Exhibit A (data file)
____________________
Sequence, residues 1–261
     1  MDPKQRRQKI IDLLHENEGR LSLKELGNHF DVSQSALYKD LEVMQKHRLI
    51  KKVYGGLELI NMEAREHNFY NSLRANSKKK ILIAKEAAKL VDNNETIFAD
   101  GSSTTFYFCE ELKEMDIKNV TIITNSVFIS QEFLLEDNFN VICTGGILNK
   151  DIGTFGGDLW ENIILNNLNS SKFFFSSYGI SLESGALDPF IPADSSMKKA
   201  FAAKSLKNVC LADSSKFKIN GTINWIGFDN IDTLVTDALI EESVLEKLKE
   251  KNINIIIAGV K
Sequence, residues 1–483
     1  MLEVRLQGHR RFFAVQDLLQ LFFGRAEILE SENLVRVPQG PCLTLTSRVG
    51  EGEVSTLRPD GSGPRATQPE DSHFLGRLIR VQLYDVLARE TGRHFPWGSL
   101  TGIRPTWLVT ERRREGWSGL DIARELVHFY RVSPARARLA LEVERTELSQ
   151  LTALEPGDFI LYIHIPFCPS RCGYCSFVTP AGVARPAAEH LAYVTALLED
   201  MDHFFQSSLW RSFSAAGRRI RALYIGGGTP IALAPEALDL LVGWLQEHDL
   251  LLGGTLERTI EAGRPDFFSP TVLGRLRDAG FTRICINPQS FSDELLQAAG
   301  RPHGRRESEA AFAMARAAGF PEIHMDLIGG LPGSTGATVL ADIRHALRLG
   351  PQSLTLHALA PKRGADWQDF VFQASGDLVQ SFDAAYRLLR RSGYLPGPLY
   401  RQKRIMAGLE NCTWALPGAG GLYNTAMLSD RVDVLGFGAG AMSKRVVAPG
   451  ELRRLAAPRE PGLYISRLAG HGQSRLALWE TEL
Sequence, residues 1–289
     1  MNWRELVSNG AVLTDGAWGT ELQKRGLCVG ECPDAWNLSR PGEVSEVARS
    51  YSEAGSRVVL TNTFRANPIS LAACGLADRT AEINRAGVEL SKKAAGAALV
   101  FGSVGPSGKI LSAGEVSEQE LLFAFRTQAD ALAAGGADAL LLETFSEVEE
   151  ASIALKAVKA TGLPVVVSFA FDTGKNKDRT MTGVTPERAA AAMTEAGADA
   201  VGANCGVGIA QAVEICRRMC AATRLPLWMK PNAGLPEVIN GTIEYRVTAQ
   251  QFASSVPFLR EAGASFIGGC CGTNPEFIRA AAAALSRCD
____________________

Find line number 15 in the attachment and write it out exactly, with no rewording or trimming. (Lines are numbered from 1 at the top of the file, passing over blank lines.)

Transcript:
   301  RPHGRRESEA AFAMARAAGF PEIHMDLIGG LPGSTGATVL ADIRHALRLG